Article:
After our return to democratic rule in government, the country has continued to enjoy trickles of progress accompanied by a windfall of corruption. Money meant for the upkeep of the public continued to be laundered by a select few occupying the corridors of leadership. The leaders who should have been servants have turned the table around to be served. No wonder, billions of naira are spent to cater for the National Assembly while ordinary citizens grapple to feed. When a country borrows money for development, they use the funds judiciously but in our case, our leaders borrow money for laundering purposes that keep generations unborn in perpetual debt.
On the part of the citizens, I wish to apportion thirty per cent of the blame to them. Although these groups of people don’t occupy leadership positions where they can make impactful decisions, their daily activities have continued to hamper the progress of our dear nation.
During election periods when credible leaders are supposed to be elected, many citizens join forces with greedy leaders to frustrate the electoral process. Thugs for instance who steal ballot boxes and cause mayhem during elections are from the citizen pool. Their activities continue to deny the country from electing trustworthy leaders with the capacity to stir the country in the right direction.
Closely related to this is the issue of corruption among citizens. Many Nigerians engage in corrupt practices daily to the detriment of the country. Citizens for personal gain at the detriment of the nation, illegally mine natural resources like petroleum, gold and coal. This short change reduces our revenue and makes us resort to borrowing.
As one flips through the international news headlines, it is not uncommon to hear about Nigerian citizens being arrested for crimes like smuggling, trafficking and cyber-crimes. All these activities give the nation a bad name and often discourage the foreign community from investing in Nigeria.
During the last administration, there were reports about the vandalization of rail tracks in order to get peanuts to the detriment of the smooth running of the transport industry.
In spite of the security architecture of the country, insecurity has continued to thrive because of the involvement of the citizens. Banditry and Boko haram for instance which has continued to hamper our national progress in Northern Nigeria is engineered by fellow citizens.
Globally, many people have been canvassing for food security. This has prompted the leadership in Nigeria to subsidize farm inputs for farmers. Instead of these inputs being given to farmers, citizens acting as suppliers hike prices and divert them to increase food insecurity.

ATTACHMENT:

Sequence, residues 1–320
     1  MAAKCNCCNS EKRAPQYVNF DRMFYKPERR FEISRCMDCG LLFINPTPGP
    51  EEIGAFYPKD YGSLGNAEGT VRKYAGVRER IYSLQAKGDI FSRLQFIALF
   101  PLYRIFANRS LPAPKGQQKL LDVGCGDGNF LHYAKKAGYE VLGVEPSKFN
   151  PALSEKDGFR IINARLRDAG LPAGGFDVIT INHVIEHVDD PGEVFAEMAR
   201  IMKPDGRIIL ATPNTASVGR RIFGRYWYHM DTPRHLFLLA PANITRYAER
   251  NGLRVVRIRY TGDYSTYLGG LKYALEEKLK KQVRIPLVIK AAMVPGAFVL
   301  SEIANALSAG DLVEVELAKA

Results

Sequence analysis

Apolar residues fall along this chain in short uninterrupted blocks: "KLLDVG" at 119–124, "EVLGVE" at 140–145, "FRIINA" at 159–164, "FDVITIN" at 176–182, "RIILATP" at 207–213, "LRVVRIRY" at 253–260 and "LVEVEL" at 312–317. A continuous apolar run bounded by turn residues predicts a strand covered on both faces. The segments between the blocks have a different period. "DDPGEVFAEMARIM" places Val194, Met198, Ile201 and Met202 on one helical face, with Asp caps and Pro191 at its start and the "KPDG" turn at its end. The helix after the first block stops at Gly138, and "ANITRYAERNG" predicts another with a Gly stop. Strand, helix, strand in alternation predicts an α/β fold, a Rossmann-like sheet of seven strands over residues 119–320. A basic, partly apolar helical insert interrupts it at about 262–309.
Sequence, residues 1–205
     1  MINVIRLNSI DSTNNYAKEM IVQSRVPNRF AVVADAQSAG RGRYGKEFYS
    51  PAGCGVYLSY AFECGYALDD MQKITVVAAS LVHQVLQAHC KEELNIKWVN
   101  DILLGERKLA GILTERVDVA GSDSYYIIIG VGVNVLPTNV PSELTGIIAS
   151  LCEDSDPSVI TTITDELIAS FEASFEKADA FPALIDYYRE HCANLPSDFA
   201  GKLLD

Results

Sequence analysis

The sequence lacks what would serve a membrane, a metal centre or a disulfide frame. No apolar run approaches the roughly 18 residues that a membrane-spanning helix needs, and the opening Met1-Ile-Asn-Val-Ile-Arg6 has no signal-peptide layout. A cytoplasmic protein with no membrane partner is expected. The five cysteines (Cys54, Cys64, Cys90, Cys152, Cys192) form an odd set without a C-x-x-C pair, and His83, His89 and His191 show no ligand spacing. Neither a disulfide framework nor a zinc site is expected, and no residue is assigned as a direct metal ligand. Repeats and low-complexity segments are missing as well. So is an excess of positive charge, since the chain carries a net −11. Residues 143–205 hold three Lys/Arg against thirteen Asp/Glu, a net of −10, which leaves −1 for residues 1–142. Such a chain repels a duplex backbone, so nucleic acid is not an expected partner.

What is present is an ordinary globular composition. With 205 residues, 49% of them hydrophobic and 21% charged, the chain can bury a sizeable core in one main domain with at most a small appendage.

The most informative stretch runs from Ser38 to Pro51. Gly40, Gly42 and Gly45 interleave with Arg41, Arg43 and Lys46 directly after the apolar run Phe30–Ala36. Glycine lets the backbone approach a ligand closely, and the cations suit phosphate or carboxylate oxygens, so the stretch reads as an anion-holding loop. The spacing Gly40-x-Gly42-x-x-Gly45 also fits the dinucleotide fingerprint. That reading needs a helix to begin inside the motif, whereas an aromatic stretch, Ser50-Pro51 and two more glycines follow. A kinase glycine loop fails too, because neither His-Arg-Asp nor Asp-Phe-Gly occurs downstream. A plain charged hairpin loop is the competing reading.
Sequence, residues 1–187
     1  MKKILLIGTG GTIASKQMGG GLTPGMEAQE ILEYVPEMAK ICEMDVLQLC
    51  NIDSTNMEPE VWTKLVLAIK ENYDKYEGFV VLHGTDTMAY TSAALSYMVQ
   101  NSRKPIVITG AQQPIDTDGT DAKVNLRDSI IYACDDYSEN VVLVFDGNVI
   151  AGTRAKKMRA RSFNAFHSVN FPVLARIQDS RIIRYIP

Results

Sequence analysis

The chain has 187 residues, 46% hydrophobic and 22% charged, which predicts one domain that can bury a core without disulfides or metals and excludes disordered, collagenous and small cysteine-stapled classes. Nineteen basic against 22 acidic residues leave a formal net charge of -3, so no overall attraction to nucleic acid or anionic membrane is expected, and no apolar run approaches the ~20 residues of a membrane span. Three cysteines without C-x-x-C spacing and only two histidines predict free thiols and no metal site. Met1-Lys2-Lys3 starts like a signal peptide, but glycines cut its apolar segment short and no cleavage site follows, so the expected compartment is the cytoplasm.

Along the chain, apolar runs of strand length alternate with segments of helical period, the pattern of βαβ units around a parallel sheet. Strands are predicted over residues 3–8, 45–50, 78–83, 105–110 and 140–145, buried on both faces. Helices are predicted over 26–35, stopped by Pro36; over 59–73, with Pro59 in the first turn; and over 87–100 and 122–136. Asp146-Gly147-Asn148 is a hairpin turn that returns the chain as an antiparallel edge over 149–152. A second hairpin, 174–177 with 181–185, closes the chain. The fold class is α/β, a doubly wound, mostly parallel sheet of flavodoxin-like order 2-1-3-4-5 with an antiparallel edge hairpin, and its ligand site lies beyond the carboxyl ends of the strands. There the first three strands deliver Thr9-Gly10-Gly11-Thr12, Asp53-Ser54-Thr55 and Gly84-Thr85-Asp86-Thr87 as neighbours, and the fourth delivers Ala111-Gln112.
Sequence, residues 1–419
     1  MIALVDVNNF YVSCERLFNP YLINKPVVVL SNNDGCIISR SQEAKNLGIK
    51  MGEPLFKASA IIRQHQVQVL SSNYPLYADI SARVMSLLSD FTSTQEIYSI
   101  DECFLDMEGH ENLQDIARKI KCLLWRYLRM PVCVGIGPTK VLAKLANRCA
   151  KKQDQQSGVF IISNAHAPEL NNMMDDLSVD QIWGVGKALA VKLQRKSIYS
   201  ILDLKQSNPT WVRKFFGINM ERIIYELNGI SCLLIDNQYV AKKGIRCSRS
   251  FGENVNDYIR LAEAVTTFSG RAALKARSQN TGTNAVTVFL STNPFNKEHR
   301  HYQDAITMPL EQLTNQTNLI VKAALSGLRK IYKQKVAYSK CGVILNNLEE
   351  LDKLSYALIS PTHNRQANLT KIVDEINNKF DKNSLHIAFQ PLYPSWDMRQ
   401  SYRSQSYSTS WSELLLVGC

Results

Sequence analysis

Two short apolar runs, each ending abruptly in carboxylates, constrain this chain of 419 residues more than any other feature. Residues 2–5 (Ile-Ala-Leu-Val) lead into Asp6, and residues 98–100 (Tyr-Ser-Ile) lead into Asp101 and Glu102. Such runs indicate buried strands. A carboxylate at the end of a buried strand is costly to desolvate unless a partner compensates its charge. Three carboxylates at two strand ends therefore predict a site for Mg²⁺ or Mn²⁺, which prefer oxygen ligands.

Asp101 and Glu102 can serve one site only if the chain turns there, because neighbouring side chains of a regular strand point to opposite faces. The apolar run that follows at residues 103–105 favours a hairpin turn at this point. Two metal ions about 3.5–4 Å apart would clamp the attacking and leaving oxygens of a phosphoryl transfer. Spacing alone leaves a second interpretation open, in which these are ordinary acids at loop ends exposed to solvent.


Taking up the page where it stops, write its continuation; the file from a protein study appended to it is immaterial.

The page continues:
In this analysis, twenty-five per cent of the blame will go to environmental forces. From independence, a series of coups made the nation unstable for businesses, education, tourism and health care to thrive.
The civil war also contributed to making the country unstable for economic growth. This resulted in the mass exodus of Nigerians to foreign nations.
The war between Russia and Ukraine has contributed too. In the past, one could get a sizable loaf with 200 naira but that is not the situation presently. Nigerians now have to part with a hard-earned thousand naira before their demand for bread can be satisfied.
Climate change has also contributed to the stunt of the country’s process. Due to the effect of climate change, the agricultural sector finds it difficult to produce enough food for the citizens and generate revenue for the nation.
In 2020 when the Covid-19 pandemic broke out and brought the country to a standstill, much revenue which may have been used to develop the country was lost due to job losses and low production. If the pandemic had not struck, the country would have been miles ahead in terms of development and standard of living.
In conclusion, countries like Singapore and China in spite of the unfavourable environmental conditions were able to progress through the intersection of good leadership and citizens. A student who scores 75% on an examination has made an A grade which is excellent. If the leadership and the citizens of Nigeria work together in honesty in spite of the environmental challenges facing the country, we will be able to overcome the turbulence in our journey to greatness as a nation.